Interiors: Energy-saving home built from scratch

106 Malcolm Road. Picture: Derek Ironside/Newsline
106 Malcolm Road. Picture: Derek Ironside/Newsline
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A couple did most of the construction themselves when they built their striking, energy-saving home

WHEN you hear that someone has built a house, generally that means that they’ve found and secured a plot of land, designed a house, or worked with an architect to do so, and have then taken on a building contractor to realise their vision. And when you consider the scale of this dramatic-looking property at 106 Malcolm Road on the outskirts of the village of Peterculter, around eight miles west of Aberdeen, it would be easy to assume that Pauline Souter and Gary Henderson did just this when building their home.

106 Malcolm Road. Picture: Derek Ironside/Newsline

106 Malcolm Road. Picture: Derek Ironside/Newsline

But when Pauline says they took two-plus years to build their home, she means it literally. “We didn’t have an architect or a building contractor, but did the majority of the work ourselves, other than things like the electrics, and plumbing and tiling,” she says. “But we did all the basic build elements, from the foundations, and my father and my brother helped. People would say, ‘There’s no way you guys did that…’ but we did.”

Adding to the challenges of the build process, number 106 is a certified Passive House – the first of its kind in Aberdeen. A Passive House is an ultra-low energy building that is designed and constructed to a strict set of criteria, ensuring maximum comfort – no cold spots, no draughts – with minimum overall energy consumption. The fabric of the building is detailed so that heat loss is reduced to a minimum, and key aspects of the construction include super insulation, high-performance Passive-standard triple-glazed windows and doors, superior air tightness and reduced thermal bridge detailing, and passive solar gain achieved thanks to the orientation. To put all this in context, a Passive House can offer a reduction in heating demand of up to 90% compared to a standard house.

Pauline discovered the Passive House ethos while researching build styles and the approach appealed to her scientific mind – Pauline has degrees in biochemistry and forensic science, and she and Gary own an engineering products company based in Dyce. “It’s a physics-based principle,” she says. “The main benefit is that the Passive elements are integral to the build, so you’re not reliant on expensive pieces of equipment like air source or ground source heat pumps. This house is Passive for its lifetime.”

When Pauline heard about this plot – which was previously home to a small cottage – the couple realised they had an opportunity. “After we bought the land, people were saying, ‘You’ll never get planning permission for something like this, it’s so different,’ but we did,” she says.

Pauline gleaned design inspiration from other houses she’d seen and was particularly inspired by the open-plan living she discovered in the States. “I like that style, especially for entertaining,” she says. The ground floor of this house exemplifies this ethos as the kitchen, dining area and main living space are completely open plan, and the living space is double height and flooded with natural light from the extensive glazing on the rear elevation. Doors open up this elevation onto a wide decked terrace and into the garden beyond.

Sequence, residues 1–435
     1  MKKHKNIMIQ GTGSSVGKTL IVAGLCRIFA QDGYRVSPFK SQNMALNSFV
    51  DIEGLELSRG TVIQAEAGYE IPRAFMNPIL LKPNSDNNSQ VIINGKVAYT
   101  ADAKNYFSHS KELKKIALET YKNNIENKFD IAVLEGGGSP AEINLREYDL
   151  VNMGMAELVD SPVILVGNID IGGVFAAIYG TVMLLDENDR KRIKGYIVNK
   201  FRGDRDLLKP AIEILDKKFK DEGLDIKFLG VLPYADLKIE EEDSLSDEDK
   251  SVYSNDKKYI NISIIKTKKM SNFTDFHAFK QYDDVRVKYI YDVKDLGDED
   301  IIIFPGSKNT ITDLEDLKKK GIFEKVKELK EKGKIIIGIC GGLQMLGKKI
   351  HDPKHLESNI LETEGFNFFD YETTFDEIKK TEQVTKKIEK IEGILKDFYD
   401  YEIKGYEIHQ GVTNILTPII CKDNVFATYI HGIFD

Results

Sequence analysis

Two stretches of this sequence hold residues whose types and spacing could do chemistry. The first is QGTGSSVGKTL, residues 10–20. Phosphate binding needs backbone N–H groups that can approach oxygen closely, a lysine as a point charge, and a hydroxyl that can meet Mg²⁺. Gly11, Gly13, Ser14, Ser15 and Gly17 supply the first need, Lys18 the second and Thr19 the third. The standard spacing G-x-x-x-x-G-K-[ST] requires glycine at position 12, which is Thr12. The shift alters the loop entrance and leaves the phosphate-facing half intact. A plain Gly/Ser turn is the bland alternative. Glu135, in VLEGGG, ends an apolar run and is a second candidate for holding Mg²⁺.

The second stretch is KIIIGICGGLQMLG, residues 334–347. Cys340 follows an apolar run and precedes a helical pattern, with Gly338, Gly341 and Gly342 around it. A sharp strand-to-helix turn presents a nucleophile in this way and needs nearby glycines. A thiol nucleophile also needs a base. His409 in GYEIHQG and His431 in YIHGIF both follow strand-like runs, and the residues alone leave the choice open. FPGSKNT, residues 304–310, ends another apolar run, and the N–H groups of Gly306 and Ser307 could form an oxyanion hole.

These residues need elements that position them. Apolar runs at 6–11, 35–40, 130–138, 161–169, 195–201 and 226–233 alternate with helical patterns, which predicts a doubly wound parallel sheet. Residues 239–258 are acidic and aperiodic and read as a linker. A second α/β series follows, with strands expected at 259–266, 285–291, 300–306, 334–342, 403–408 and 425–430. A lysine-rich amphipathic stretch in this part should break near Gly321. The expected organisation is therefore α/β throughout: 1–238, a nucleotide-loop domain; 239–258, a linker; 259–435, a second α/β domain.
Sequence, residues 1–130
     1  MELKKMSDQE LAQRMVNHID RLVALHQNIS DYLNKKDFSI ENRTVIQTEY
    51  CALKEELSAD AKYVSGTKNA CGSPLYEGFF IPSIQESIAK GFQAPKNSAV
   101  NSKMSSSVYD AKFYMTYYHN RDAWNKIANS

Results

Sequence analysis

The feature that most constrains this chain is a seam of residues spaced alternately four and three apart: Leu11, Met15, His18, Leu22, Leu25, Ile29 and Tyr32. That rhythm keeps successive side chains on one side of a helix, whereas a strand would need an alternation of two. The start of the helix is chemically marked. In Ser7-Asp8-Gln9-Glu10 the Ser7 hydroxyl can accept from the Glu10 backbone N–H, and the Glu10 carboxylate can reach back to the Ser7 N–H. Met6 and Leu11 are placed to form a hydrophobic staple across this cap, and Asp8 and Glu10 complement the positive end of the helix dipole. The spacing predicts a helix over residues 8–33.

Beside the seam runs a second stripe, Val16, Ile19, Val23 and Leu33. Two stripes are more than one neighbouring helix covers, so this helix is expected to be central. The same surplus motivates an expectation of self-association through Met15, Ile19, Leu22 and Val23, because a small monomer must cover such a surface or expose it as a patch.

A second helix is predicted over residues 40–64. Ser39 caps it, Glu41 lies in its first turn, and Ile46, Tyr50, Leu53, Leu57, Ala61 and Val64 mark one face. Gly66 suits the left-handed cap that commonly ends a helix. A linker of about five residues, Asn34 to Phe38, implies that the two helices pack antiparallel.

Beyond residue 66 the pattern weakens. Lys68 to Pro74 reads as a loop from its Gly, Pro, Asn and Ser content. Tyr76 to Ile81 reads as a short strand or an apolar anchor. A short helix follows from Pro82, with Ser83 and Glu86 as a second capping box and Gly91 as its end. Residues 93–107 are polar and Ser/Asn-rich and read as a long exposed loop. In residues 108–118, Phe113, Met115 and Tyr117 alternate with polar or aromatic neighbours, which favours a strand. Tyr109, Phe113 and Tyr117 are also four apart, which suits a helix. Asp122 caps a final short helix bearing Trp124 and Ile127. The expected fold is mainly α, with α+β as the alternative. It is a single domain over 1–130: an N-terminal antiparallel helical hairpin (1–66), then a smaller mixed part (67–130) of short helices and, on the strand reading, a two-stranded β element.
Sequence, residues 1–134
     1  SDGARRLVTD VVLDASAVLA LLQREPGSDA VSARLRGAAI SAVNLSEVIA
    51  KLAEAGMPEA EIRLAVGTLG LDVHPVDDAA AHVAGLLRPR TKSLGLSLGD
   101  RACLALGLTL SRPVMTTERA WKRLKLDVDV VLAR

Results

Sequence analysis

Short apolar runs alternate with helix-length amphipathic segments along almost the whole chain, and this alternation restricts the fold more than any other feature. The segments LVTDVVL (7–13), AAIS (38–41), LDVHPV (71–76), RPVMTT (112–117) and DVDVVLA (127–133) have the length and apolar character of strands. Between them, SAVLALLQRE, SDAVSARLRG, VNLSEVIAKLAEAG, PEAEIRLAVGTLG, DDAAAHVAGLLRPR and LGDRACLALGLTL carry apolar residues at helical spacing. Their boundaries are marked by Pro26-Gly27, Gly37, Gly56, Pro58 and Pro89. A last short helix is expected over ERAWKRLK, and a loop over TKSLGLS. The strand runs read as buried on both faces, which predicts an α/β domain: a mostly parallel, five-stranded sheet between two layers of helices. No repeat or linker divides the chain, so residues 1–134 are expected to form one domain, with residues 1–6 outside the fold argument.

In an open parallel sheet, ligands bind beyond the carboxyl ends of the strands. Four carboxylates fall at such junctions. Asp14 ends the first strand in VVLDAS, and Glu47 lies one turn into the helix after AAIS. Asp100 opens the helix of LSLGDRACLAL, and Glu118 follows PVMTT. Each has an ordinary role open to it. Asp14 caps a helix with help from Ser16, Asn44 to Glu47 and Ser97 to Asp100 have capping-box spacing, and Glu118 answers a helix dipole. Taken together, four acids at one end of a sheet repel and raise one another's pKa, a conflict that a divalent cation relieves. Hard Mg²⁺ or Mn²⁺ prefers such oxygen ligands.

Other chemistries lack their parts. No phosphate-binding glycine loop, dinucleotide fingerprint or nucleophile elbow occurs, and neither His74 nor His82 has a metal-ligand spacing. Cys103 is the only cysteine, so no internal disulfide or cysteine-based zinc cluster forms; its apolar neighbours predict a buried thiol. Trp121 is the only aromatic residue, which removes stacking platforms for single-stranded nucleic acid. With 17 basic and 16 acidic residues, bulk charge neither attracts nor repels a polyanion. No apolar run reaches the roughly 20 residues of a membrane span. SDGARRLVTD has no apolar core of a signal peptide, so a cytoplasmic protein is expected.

There is also a separate drawing room, again with floor-to-ceiling windows, and a bedroom and utility room on this level, while the upper floor has five further bedrooms including a generous master suite that opens onto a terrace. This house is all about space and flow and light – and it’s about high quality fixtures and fittings, from the sleek black German kitchen to the Porcelanosa bathrooms throughout.

“I wanted white walls, but I didn’t want the spaces to feel stark or clinical,” Pauline says, so she specified the richly grained walnut flooring that sweeps through most of the property and the walnut internal doors. The bespoke staircase that leads from the entrance to the galleried landing above also features solid walnut treads, while the glass balustrade retains the open views as you look down from the landing into the living area. “For us building our forever home, there was no way we were going to scrimp on finishes,” Pauline agrees. “If you do something and don’t finish it properly, it’s obvious.”

The couple lived in a flat nearby throughout the project. “Our family ethos is, once you start something, you keep going,” Pauline says. “In terms of the time and effort, we were quite naïve going into the project. Had we known how much work we had in front of us, it might have been harder.”

One of the notable features of this property is the glazing. Typically, a Passive House would be built with smaller windows on the north elevation to minimise heat loss, and with the glazing focused towards the south. Here, the couple opted for extensive glazing on both the front and rear elevations – and still achieved Passive House accreditation.

The end result has exceeded their expectations. As Pauline says: “I didn’t appreciate how nice it would be in the lounge area, just looking out into the garden with all this light. I love that you walk into the house and see right through it to the garden. In summer it feels like the outside is inside.” This may not have ended up being the couple’s forever home, but 106 Malcolm Road represents a significant achievement – and a striking, energy-efficient home for whoever arrives here next. n

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